Developing Web Applications using data binding technologies

This article is intended to illustrate how to develop Web application using data binding technologies in Microsoft Visual Studio.NET and Oracle JDeveloper.


Introduction

This article is intended to illustrate how to develop Web application using data binding technologies in Microsoft Visual Studio.NET and Oracle JDeveloper. The solution will be based on the Model-View-Controller design pattern, thus we will first build the business model portion of the application where we place the middle-tier business logic and validation rules components, and finally we will build the presentation layer as a master-detail form to represent the parent-child relationship between entities. Following this approach, then you will create more complex pages.

Solution using Microsoft technologies

First step is to create a database connection in Visual Studio.NET. Go to the Server Explorer window, and right-click on the Data Connections node and the select Add Connection option. When the Add Connection window appears, then enter the connection data (see Figure 1).

Figure 1

After the database connection is created, we have to create a solution to hold two projects: one class library project for the business logic components (see Figure 2) and a Web site application for the presentation layer components (see Figure 3).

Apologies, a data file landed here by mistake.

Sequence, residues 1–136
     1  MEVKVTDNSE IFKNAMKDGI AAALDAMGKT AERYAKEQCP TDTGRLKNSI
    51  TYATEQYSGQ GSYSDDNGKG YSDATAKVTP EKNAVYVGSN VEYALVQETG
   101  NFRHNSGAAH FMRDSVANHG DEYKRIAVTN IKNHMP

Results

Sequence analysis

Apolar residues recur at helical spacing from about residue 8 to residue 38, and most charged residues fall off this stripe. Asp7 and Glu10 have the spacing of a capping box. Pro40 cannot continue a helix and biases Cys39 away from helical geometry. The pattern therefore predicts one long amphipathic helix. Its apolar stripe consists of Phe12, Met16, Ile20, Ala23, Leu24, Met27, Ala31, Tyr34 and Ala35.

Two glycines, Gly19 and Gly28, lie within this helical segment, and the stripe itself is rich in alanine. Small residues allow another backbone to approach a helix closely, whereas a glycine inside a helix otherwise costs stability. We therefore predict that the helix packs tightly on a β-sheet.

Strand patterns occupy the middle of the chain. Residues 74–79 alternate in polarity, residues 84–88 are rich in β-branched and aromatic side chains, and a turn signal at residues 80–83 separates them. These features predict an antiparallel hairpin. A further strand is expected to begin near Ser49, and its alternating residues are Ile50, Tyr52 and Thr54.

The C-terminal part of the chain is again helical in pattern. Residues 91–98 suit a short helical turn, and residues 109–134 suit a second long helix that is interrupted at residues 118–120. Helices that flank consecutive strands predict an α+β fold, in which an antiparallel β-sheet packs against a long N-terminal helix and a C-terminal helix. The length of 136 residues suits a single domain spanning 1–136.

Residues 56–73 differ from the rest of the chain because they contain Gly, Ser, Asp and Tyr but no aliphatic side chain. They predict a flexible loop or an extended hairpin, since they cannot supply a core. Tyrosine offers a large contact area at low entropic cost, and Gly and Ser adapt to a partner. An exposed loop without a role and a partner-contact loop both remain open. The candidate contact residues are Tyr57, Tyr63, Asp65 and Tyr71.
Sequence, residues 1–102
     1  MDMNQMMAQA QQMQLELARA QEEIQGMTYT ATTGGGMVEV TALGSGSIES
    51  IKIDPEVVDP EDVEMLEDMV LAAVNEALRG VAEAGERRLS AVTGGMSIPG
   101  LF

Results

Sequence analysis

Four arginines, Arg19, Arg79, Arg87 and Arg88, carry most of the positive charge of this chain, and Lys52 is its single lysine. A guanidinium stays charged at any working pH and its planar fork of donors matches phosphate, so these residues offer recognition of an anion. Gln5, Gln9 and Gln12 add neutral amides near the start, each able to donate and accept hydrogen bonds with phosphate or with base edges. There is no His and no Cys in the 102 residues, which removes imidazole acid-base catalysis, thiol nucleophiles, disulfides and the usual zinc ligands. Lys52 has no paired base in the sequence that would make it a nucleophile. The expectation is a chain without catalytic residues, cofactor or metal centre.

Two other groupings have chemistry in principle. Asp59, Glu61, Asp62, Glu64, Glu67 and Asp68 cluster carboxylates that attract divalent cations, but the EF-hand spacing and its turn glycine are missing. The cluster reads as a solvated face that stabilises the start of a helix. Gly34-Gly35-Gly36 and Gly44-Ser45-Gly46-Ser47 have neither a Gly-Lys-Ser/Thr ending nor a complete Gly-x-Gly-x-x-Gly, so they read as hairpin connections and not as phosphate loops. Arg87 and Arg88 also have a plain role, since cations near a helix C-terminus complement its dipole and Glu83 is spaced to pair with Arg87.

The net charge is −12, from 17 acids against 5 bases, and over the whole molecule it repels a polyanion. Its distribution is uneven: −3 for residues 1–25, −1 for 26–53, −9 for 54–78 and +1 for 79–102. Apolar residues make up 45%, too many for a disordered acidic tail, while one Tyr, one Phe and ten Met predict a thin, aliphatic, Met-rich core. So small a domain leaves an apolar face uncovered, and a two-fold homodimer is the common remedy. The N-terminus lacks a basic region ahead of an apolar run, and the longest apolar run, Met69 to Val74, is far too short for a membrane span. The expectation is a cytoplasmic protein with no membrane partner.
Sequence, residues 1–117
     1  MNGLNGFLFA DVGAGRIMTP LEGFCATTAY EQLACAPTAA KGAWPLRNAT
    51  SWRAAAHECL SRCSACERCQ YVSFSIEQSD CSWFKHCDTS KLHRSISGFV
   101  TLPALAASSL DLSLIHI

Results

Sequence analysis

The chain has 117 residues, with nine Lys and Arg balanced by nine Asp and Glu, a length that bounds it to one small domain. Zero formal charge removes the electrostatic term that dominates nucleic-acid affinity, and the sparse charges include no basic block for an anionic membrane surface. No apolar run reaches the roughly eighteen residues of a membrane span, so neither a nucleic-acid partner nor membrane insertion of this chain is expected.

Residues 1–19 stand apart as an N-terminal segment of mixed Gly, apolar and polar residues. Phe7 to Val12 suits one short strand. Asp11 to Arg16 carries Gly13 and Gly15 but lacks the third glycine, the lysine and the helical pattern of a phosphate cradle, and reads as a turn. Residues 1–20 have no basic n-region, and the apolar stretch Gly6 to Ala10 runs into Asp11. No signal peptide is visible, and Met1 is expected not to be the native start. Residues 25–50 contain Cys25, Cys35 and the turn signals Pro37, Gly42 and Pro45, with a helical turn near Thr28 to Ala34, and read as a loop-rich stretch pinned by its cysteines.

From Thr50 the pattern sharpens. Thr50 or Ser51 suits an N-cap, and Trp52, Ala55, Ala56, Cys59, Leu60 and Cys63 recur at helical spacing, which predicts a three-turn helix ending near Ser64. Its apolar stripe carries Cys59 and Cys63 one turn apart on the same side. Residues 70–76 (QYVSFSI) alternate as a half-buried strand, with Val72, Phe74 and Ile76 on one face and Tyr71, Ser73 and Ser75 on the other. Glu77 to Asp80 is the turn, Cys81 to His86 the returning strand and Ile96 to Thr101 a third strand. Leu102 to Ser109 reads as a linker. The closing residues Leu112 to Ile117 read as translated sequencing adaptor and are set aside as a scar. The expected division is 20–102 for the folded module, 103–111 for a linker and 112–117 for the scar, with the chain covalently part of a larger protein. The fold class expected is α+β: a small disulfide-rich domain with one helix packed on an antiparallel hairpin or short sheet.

Figure 2

Figure 3

Now let's build the business logic components. We're going to access to the Purchasing.PurchaseOrderDetail and Purchasing.PurchaseOrderHeader tables to show the underlying data. In order to achieve this goal, we're going to represent the underlying business entities PurchaseOrderDetail and PurchaseOrderHeader using a DataSet object. In the Solution Explorer window, right-click on the BusinessLogicPkg project and select Add | New Item option and finally select the DataSet item (see Figure 4).

Figure 4

When the DataSet design appears, then right-click on the DSPurchasing dataset and select Add | Table Adapter option. After the TableAdapter Configuration Wizard appears, then select the created connection (see Figure 5).

Figure 5